I’m not asking for much from Falling Skies. I was pretty pleased by the first two parts and decided to take a wait-and-see approach. There was promise among problems, but it delivered what I had hoped for by not skimping on shots of aliens and not letting any characters do anything too stupid. That’s all I need out of summer programming, and about the extent of what I expect from an alien-invasion series from the same American network that brings us Franklin & Bash.
This Tuesday’s “Prisoner of War” (FX, Tuesday, 9pm) took away a lot of the good faith I had in the series, transforming my cautious optimism into accepting platitude. I’m still going to watch the show, and not just because there isn’t anything else sci-fi that’s decent right now. I’m a sucker for the genre, and part of being a sucker is watching shows that you know aren’t actually that good. It’s still too early to declare anything as fact, but my guess is Falling Skies will be a series that we all forget about 10 years from now. Let’s enjoy it while it lasts even if we get is something that’s fairly mediocre.
Last night’s episode delved further into the mystery of the harnessed children who’ve been turned into slaves to do menial chores for the aliens. We had believed that removing the harnesses from the kids’ spines meant instant death, but that’s not the case thanks to the guy from Wings, a doctor who subscribes to the theory that if someone’s life is threatened, load ‘em up with morphine. One kid was successfully de-harnessed, but he was a drugged-up mess and pretty much useless until he stopped sleeping (kind of like normal teenagers).
Meanwhile, Tom conveniently encountered a lone Skitter in a dark hallway while playing the hero by going after two people (one of them being his son) who’d be left behind during a botched mission. He kicked the alien’s butt and dragged it, alive, back to HQ to be examined—as is required at some point in all alien-invasion shows and movies.
The end of the episode gave us something to think about other than whether or not we’ll continue to watch this show. And dammit if it didn’t answer that question with a “sure, I guess so.” When our P.O.W. alien opened its eyes, the de-harnassed kid opened his eyes at the same time, implying that the two are connected, possibly in some sort of hive-mind situation. So can any alien mind-control a kid, even after a harness has been removed? Does the harness meld into the host’s body, as Dr. Harris insinuated? Is something else afoot? Do you even care?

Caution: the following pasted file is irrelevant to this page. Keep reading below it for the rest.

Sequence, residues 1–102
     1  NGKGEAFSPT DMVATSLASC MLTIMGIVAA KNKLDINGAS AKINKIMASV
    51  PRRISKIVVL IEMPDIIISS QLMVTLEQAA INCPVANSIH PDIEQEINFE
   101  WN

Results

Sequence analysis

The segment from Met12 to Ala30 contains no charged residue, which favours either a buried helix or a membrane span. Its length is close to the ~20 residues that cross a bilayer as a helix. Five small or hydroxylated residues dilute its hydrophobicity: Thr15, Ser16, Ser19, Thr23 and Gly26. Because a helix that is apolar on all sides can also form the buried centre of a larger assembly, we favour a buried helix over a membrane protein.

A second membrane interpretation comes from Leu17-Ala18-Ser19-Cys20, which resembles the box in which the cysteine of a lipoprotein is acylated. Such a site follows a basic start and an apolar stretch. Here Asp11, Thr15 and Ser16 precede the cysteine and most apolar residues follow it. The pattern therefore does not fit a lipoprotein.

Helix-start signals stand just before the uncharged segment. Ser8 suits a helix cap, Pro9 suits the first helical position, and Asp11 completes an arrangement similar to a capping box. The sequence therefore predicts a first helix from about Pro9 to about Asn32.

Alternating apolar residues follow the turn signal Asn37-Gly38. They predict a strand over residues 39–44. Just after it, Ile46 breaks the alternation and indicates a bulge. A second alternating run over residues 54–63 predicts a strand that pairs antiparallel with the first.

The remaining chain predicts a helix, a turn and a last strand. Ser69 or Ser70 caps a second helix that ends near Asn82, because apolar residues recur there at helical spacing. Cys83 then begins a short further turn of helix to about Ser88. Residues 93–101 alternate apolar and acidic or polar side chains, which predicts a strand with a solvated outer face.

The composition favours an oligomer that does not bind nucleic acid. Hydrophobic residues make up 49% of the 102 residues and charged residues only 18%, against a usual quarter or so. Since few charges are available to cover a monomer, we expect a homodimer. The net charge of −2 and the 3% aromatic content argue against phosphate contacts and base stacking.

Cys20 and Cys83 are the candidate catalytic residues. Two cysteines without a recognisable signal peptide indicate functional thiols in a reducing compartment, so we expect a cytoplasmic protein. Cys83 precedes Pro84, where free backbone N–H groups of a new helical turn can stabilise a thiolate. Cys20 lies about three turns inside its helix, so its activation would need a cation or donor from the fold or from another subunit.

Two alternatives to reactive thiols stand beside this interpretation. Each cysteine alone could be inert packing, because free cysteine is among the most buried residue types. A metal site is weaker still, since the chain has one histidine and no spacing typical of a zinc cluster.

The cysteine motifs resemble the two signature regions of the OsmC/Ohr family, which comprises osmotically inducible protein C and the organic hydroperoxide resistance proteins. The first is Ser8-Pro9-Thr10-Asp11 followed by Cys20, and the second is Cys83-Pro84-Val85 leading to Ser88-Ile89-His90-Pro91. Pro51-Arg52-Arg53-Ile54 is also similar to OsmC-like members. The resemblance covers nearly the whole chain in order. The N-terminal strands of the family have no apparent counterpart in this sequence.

You don’t care? Well, that might have to do with the stunted character development going on. New series with big casts are always tough to get to know, and last week I mentioned that the first two hours laid the groundwork for who’s who while giving us a little more about the central character. That’s understandable. But in this week’s episode, several of the secondary characters remained very secondary. Give me something on Moon Bloodgood’s character and her Amber Alert of a daughter, Lourdes! I want to learn a little more about Mike and the Asian guy! Make Colonel Porter and Captain Weaver more than just military cliches! A show that’s ostensibly about survival needs to introduce us to people we want to see survive—because if we don’t know them, we really don’t care if they make it or not. In fact, if you’re a jerk like me, you’d rather see them killed. This show needs a character death, and soon.
Instead, most of the character development we’ve seen has dealt with characters who were introduced in the start—which was really just the first two episodes of the season, and where we first met leader-of-the-renegades Pope. Pope is now the only person in the 300-member Resistance who knows how to cook. But if we’d spent half as much time learning about Mike as we did discovering that Pope likes to poach chicken and went to culinary school, we’d care more about Mike and understand why he made the stupid decision to wave his arms around like a lunatic, thus botching the mission to rescue Tom’s son Ben. That misuse of time continued last night when we met Dr. Harris (Stephen Weber), who hogged valuable storytelling time even though we still know very little about everyone else. What’s the point in introducing new characters when we don’t know the ones who are already present?
Falling Skies isn’t downright horrible yet, nor is it the next great sci-fi epic. So far it’s spectacularly mediocre and super average. And during this drought of summer television, that’s enough to get me to keep watching. I’m still giving this a shot. What about you?
… The people have spoken and now it is known: Moon Bloodgood is “very, very hot” according to those of you who spoke up in last week’s comments. I would also go so far as to say she could be half of the hottest mother-daughter combo since Friday Night Lights‘ Tami and Julie Taylor.
… The alien mechs don’t appear to be too into chasing humans once they spot them. Twice they’ve caught sight Tom and his pals and attacked—but the show cut to commercial and when it returned, things were back to normal. It’s as if whenever the writers need a way to end a scene, they just write in a mech.
… Did anyone think they were watching Dead Space the TV show when Tom shot off the legs of that Skitter in the dark hallway? Achievement unlocked!
… What’s up with the blonde chick they rescued from Pope? Lighten up, lady, and stop dropping bricks from the roof of buildings when you’re spying.